Imagine having a drink of water and then eating the container it came in! Sounds crazy right? But in fact this is the ingenious invention from London-based designers Rodrigo García González, Pierre Paslier, and Guillaume Couche.
The Ooho is made from an edible algae membrane and created using a technique used in cooking called “spherification” (those who watch Masterchef would have probably seen this done before).
The water is held inside by a double gelatinous membrane. The gel around the water is created from brown algae and calcium chloride - sounds delicious right? Perhaps not!
But the idea in general seems to be growing in popularity as more and more companies are promoting the use of natural and edible packaging.
It is also often the case that biodegradable and edible alternatives to oil based plastic packaging is cheaper to manufacture whilst being better for the environment.
A good example is Wikipearl who, like the the Ooho, promotes the use of natural and edible packaging. Wikipearl developed a range of plastic-free food and beverage packaging technology for fresh fruit and vegetables.
WikiFood skins are inspired by the way nature packages fruits and vegetables. The skins provide a protective coating against water loss and contaminant entry, and potential carriers of effective and functional nutrition.
A good example is the WikiPearl ice cream portions which also help the ice cream stay colder longer than conventional ice cream.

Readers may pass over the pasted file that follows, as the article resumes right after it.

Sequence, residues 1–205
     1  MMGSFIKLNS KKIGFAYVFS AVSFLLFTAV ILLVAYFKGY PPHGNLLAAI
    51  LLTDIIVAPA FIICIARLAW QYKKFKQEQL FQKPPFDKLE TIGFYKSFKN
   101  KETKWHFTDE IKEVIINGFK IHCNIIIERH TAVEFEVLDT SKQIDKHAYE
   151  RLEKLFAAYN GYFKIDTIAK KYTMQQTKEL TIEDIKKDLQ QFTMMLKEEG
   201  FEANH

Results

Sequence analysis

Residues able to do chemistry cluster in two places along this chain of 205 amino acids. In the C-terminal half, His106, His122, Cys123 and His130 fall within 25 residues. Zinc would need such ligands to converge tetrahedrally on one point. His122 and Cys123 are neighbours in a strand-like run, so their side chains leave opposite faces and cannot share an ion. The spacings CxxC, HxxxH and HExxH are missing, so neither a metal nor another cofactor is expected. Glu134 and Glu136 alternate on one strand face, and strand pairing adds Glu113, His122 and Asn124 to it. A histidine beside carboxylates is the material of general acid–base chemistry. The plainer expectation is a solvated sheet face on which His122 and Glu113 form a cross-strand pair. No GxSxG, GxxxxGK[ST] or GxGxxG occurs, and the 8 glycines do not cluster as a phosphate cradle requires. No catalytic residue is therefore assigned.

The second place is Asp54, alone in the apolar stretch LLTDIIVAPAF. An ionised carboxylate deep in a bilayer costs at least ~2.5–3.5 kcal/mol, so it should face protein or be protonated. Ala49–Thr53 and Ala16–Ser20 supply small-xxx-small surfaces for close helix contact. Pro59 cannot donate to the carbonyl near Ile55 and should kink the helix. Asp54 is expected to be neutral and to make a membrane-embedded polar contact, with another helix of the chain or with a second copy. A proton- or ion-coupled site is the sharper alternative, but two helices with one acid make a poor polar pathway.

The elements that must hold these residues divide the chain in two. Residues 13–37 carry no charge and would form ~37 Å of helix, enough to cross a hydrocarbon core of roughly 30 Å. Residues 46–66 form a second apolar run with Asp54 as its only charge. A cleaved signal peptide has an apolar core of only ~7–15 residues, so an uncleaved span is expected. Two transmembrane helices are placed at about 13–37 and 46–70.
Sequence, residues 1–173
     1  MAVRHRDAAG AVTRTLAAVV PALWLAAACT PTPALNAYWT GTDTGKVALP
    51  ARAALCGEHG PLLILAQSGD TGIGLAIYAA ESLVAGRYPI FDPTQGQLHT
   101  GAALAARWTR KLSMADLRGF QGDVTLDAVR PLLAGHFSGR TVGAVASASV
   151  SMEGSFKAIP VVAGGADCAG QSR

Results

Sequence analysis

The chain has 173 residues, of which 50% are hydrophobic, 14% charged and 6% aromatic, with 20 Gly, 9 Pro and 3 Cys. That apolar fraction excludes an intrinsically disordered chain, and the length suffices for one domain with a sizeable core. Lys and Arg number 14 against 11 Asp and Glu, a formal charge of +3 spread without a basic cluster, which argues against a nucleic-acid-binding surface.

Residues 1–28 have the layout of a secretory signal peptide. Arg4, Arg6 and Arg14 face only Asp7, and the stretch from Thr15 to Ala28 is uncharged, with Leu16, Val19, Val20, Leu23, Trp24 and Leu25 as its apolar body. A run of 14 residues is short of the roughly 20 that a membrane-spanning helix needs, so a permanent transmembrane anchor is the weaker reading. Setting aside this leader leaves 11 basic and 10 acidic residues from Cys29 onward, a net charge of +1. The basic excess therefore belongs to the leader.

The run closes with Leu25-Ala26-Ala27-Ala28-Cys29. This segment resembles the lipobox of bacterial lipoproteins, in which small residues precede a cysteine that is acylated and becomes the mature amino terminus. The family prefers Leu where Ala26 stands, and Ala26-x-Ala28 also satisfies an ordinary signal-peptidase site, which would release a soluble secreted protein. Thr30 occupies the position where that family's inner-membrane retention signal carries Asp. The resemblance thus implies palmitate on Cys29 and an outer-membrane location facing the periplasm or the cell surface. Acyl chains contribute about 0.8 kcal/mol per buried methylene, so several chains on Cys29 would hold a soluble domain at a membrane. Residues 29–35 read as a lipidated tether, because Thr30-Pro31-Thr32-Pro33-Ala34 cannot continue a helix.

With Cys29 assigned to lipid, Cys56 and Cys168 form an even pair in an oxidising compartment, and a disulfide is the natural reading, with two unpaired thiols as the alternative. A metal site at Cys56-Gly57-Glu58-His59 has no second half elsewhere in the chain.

The great thing about all these products is that they promote a simple and cheap, biodegradable and edible alternative to plastic.
You may have heard a new term in the English language which has come about recently "plasticarian" - this is a person who avoids contact with plastics in their daily life because they believe contact with plastics is very bad for the environment and they are linked to health problems.
As reported by the Independent in June 2013:
"The Royal College of Obstetricians and Gynaecologists (RCOG) issued startling advice last week, warning pregnant women to take a "precautionary approach" and avoid food in plastic containers or cans where possible. The report highlighted "endocrine-disrupters" found in certain plastics, including Bisphenol A plastics (BPAs) and phthalates, which can disrupt normal foetal development. BPA has also been linked to breast and prostate cancer, heart disease and sexual dysfunctions. The RCOG report noted that there was "considerable uncertainty about the risks of chemical exposure".
Based on these findings, it may be wise to avoid plastics as much as possible which makes products like the Ooho fantastic.
When it comes to water filters, we always avoid any products made using BPA plastic and plastic-softening phthalates for these very important reason. The waters filters under NSF and WQA material extraction tests to ensure their quality and safety.
The Ooho has achieved the Lexus Design Award 2014 and will be on exhibit at Milan Design Week on between 8th-14th April 2014. Maybe you will get to taste it if you go there!
Let us know what you think!